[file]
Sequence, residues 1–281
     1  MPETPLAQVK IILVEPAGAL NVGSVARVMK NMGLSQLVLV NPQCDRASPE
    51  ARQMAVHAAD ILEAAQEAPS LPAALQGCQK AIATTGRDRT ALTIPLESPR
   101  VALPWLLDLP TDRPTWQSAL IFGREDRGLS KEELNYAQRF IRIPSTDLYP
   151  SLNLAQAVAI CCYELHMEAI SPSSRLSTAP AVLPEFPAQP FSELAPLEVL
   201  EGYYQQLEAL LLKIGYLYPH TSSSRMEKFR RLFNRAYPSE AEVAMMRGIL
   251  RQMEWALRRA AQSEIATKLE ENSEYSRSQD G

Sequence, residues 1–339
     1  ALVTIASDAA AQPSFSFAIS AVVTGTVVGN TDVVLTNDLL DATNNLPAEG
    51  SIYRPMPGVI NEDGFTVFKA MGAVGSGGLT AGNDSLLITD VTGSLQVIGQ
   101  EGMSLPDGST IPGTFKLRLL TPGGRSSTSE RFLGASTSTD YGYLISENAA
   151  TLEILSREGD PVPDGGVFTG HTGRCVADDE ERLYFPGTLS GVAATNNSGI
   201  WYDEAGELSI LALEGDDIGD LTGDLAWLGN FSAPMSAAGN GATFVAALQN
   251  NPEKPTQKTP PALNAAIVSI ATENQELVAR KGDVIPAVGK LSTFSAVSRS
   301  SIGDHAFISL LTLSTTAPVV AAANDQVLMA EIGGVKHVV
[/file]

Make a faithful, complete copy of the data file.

Sequence, residues 1–281
     1  MPETPLAQVK IILVEPAGAL NVGSVARVMK NMGLSQLVLV NPQCDRASPE
    51  ARQMAVHAAD ILEAAQEAPS LPAALQGCQK AIATTGRDRT ALTIPLESPR
   101  VALPWLLDLP TDRPTWQSAL IFGREDRGLS KEELNYAQRF IRIPSTDLYP
   151  SLNLAQAVAI CCYELHMEAI SPSSRLSTAP AVLPEFPAQP FSELAPLEVL
   201  EGYYQQLEAL LLKIGYLYPH TSSSRMEKFR RLFNRAYPSE AEVAMMRGIL
   251  RQMEWALRRA AQSEIATKLE ENSEYSRSQD G

Sequence, residues 1–339
     1  ALVTIASDAA AQPSFSFAIS AVVTGTVVGN TDVVLTNDLL DATNNLPAEG
    51  SIYRPMPGVI NEDGFTVFKA MGAVGSGGLT AGNDSLLITD VTGSLQVIGQ
   101  EGMSLPDGST IPGTFKLRLL TPGGRSSTSE RFLGASTSTD YGYLISENAA
   151  TLEILSREGD PVPDGGVFTG HTGRCVADDE ERLYFPGTLS GVAATNNSGI
   201  WYDEAGELSI LALEGDDIGD LTGDLAWLGN FSAPMSAAGN GATFVAALQN
   251  NPEKPTQKTP PALNAAIVSI ATENQELVAR KGDVIPAVGK LSTFSAVSRS
   301  SIGDHAFISL LTLSTTAPVV AAANDQVLMA EIGGVKHVV